“As someone that occasionally writes poems, I think I’d most like to reflect on Cook’s attention to detail in his poems. In the workshop, he was very attuned to our gestures, how big or small we made them, how emphatic they were, and what kind of expression we held on our faces. This kind of attention is extremely important in deaf poetry, where visuals are the mode through which the audience understands. However, even in spoken poetry, I think this kind of attention and precision is important. Going forward with my writing, I’d like to place more emphasis on how I read each word, the stresses, intonations, pauses and moreover how I can use my body to perform and become the poem.”
In Cook’s own performance, the poems were absolutely exquisite. Cook is a performer with astounding vitality and exuberance. Being in the audience of his performance is to watch a magnetic field ripple and warp around his body as he signs. What was surprising to me was the soundscape of the poetic performance— not only was Lerner voicing the words as Cook signed and performed, but Cook was constructing a soundscape of breath and voice that was a compelling, powerful part of his entire performance. The same unaffected, enthusiastic quality of sign language that I noticed among the audience members before the performance was intensified a million times in Cook’s poetry. His poems were kaleidoscopic in scope, zooming in and out of fantastic chaos and quiet heartbeats, and throughout the performance was the intensity, almost heartbreaking to watch, of Cook’s burning, blazing ability to communicate. He told the audience later in the night that he did not learn ASL until college; though he went deaf at a very young age, he relied on mouth reading and writing to communicate. Learning ASL was a turning point in his personal and professional life, and he now wields the power of ASL in his body with a gratefulness and earnestness that is humbling to watch.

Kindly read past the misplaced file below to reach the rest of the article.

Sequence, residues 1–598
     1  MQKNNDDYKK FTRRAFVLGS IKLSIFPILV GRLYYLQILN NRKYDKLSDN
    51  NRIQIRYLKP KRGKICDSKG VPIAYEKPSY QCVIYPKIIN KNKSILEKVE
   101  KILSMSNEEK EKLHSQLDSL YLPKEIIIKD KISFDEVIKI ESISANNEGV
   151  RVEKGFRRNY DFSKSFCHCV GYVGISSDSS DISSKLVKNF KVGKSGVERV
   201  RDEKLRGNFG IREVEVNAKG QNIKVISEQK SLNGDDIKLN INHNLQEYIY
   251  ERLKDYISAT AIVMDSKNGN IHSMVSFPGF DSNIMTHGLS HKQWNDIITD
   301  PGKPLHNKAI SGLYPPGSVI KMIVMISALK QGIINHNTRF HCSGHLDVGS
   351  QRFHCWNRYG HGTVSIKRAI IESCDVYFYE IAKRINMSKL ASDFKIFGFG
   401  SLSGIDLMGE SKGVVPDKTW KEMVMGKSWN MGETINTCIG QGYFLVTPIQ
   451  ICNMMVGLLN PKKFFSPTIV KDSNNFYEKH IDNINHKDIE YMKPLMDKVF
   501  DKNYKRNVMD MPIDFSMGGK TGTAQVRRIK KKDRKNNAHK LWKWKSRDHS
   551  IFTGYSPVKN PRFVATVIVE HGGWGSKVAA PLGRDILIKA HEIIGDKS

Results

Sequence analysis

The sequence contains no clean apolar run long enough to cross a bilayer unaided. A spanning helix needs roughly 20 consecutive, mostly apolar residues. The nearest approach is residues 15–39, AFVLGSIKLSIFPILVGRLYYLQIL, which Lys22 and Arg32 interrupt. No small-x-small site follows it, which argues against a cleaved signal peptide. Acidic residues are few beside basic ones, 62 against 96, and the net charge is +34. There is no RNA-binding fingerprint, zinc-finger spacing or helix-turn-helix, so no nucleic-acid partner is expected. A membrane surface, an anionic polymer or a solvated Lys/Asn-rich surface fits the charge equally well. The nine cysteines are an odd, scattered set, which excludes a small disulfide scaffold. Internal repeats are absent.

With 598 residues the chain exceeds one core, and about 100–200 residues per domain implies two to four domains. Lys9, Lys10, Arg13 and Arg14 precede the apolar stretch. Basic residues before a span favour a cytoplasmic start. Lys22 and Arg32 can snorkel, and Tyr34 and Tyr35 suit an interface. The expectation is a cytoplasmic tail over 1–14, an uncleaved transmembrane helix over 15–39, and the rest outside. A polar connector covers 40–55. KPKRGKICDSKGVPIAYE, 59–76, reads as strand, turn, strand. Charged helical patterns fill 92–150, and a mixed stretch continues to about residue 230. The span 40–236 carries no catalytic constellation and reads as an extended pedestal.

Professor Paul Kane in the Vassar English Department commented on the ingenuity of Cook’s poetry, and how reading, hearing, and seeing are rediscovered through Cook’s power to combine and reconcile them into a singular experience: